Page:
Cow methane proof 'is in the pat'
Research suggests the amount of methane that ruminants such as cows produce is correlated to quantities of a molecule in their faeces called archaeol.
Methane production by ruminants is a large unknown, and is relevant in climate science as it is a powerful greenhouse gas.
Current methane measurement methods are labour-intensive or invasive.
The new work, in Animal Feed Science and Technology, could more simply measure both wild and farmed animals.
Archaeol is a well-studied molecule found in the cell membranes of primitive single-celled organisms that live in the guts of ruminants such as cows, aiding their digestion and in the process producing methane.
"Archaeol has been measured in all kinds of different [contexts] and used for different purposes, but as far as we're aware this is the first time it's been correlated with estimates of methane emissions," said Fiona Gill, lead author of the research who is now based at the University of Leeds.
In a relatively small study, Dr Gill and her colleagues fed 12 bulls two different diets, one composed of grass and one of concentrated feed, measuring both the amount of archaeol in the animals' faeces and the amount of methane they produced.
To date, methane measurement methods have involved sealed chambers in which animals' consumption and production of gases are carefully measured, or by using sources of a gas called sulphur hexafluoride placed in the animals' stomachs whose output can be measured.
Both are involved processes that do not lend themselves to widespread use, or to any use with wild, roaming animals. But the team found a suggestive correlation between feed stock, archaeol concentrations, and methane production that could simplify matters.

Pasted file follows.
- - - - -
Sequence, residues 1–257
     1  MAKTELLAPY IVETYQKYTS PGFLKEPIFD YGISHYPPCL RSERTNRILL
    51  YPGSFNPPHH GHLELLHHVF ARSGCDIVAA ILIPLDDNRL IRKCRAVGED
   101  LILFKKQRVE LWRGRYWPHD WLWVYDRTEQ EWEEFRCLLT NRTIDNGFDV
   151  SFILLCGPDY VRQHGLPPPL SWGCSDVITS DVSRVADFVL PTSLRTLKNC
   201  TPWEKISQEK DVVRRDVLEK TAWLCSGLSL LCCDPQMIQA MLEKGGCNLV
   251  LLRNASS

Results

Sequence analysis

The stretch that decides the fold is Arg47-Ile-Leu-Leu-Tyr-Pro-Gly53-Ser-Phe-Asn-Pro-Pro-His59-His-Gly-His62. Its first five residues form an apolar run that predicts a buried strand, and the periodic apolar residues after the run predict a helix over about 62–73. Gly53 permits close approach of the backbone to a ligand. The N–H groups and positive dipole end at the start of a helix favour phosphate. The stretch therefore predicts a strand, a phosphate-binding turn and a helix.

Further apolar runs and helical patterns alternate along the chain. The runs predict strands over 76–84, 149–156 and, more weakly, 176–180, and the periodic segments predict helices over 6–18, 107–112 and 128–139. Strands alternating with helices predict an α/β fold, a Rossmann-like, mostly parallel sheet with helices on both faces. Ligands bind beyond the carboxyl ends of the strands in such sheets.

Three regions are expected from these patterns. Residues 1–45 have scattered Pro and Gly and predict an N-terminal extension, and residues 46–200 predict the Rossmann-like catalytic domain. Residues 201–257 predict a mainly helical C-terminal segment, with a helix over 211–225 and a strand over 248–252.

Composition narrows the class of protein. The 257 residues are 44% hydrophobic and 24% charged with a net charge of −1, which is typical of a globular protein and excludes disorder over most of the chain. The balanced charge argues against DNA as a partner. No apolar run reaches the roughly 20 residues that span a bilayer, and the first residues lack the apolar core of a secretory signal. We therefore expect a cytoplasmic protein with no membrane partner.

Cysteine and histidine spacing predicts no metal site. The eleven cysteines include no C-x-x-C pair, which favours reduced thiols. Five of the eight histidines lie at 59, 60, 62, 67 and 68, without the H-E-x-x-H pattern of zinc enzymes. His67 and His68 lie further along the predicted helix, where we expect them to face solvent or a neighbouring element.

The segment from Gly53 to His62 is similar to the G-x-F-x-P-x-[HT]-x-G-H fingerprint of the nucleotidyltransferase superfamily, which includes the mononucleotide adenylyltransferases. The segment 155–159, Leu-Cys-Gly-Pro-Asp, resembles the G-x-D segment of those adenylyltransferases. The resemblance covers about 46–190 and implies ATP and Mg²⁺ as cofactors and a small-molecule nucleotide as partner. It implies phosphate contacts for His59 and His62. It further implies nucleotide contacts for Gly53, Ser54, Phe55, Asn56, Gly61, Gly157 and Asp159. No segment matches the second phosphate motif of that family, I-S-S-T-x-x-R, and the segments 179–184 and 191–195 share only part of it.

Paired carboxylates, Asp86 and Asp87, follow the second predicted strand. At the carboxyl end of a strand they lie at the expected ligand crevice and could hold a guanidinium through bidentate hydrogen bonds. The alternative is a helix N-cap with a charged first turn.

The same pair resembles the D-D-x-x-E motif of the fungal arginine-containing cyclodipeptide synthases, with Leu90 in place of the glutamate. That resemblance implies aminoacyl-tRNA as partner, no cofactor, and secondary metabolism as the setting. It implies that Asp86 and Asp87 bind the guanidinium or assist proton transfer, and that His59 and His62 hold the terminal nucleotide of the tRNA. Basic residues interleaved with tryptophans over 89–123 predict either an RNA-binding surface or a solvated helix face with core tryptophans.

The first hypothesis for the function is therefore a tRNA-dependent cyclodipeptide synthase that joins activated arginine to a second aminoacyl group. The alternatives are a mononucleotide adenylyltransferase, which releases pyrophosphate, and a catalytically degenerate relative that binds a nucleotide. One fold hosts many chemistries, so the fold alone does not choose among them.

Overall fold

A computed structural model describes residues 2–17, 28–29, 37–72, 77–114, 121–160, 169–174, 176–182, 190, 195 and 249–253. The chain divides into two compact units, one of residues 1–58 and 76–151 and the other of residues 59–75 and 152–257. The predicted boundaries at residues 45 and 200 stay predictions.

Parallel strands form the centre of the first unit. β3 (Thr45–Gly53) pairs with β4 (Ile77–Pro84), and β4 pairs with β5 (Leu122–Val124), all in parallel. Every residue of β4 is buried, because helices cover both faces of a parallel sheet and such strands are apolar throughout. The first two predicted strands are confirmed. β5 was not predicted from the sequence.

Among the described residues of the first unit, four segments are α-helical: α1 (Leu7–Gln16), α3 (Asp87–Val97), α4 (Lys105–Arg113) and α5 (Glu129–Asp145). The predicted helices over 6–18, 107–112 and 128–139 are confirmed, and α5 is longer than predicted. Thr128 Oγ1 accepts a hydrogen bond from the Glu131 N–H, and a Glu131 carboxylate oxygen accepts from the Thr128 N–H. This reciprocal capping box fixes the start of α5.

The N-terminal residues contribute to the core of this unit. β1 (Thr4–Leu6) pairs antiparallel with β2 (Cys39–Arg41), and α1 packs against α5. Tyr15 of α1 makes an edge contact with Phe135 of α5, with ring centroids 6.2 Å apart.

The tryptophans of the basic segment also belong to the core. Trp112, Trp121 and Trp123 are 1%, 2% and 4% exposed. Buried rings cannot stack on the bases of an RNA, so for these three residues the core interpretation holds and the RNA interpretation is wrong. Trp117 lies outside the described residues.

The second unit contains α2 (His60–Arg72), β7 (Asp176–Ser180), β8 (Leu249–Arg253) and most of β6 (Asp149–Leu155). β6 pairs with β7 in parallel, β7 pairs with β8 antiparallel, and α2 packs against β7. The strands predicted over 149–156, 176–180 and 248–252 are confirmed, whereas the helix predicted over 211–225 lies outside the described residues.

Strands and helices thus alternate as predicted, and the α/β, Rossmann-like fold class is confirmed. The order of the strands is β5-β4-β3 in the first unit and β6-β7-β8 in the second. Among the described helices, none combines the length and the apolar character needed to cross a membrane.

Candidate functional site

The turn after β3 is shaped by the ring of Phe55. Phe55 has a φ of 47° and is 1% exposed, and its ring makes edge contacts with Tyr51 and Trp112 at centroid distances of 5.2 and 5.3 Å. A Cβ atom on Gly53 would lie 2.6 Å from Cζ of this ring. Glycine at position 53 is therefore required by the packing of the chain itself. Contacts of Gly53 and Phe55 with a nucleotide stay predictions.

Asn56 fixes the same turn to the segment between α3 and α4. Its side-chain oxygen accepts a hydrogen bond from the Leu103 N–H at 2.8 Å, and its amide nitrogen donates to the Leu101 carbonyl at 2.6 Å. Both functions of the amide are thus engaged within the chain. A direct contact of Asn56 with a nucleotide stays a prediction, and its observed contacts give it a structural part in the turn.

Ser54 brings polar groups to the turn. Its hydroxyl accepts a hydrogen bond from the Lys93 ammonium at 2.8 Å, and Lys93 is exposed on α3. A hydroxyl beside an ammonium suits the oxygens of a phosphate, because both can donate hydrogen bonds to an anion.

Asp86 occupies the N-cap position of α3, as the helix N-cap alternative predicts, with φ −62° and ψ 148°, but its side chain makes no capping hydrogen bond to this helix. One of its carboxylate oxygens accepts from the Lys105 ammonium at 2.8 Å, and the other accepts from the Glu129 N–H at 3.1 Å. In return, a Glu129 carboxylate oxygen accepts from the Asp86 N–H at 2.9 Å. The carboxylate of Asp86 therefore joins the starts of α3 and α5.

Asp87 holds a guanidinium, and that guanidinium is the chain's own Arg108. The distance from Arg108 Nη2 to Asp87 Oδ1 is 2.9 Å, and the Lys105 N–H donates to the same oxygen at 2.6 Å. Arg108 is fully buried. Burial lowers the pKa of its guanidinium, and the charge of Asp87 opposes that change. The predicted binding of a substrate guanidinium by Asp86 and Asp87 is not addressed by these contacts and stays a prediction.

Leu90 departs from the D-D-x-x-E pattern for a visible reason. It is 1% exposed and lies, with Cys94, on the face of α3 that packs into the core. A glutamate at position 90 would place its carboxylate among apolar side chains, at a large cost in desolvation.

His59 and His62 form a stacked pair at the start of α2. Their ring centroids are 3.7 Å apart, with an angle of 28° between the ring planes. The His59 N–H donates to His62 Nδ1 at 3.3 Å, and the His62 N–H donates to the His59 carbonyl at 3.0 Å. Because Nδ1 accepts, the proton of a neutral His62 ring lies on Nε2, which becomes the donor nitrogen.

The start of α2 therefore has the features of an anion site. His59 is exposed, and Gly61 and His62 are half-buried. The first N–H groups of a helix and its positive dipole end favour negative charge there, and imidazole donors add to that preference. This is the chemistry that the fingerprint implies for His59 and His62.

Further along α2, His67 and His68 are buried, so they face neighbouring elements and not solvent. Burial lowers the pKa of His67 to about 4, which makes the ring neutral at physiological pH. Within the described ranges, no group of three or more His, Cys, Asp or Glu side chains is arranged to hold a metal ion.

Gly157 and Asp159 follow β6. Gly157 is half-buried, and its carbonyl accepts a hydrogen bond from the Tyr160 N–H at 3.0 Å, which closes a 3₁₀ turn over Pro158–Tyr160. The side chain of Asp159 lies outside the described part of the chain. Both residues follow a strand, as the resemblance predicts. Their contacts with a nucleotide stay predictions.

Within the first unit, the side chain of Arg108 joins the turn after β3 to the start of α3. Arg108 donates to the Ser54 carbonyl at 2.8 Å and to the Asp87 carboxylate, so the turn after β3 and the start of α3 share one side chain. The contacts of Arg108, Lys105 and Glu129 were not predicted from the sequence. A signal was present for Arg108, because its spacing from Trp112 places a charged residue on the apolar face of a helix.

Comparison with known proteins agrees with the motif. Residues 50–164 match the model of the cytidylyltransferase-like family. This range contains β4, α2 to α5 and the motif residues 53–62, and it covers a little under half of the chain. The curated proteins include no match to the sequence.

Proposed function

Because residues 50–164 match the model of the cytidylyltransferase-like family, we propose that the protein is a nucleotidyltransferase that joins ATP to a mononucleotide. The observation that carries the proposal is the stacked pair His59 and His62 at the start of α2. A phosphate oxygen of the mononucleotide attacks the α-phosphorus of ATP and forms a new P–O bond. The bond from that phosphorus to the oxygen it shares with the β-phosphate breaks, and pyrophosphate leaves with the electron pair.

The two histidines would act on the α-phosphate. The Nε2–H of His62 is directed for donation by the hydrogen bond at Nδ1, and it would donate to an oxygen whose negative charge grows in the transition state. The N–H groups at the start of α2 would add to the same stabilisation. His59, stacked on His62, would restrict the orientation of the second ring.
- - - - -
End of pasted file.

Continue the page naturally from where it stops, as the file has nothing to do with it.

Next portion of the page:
"There is clearly a strong relationship between the higher methane production on the silage diet, which corresponds to higher faecal archaeol concentrations," Dr Gill told BBC News.
"So there's a general correlation between methane emissions and faecal archaeol concentrations."
Dr Gill stressed that larger studies will be needed to pin down a more precise functional relationship between the two. But because methane is a greenhouse gas more than 20 times more potent than carbon dioxide, such precise numbers will be of great use.
"There definitely is a need for better estimates of methane emissions from animals," she said.
"In the (International Panel on Climate Change) report, the contributions from various methane sources are quite poorly known; while the overall amount of global methane is quite well constrained... there is a need for a method to better estimate the contribution of ruminants and in particular the contribution from wild animals."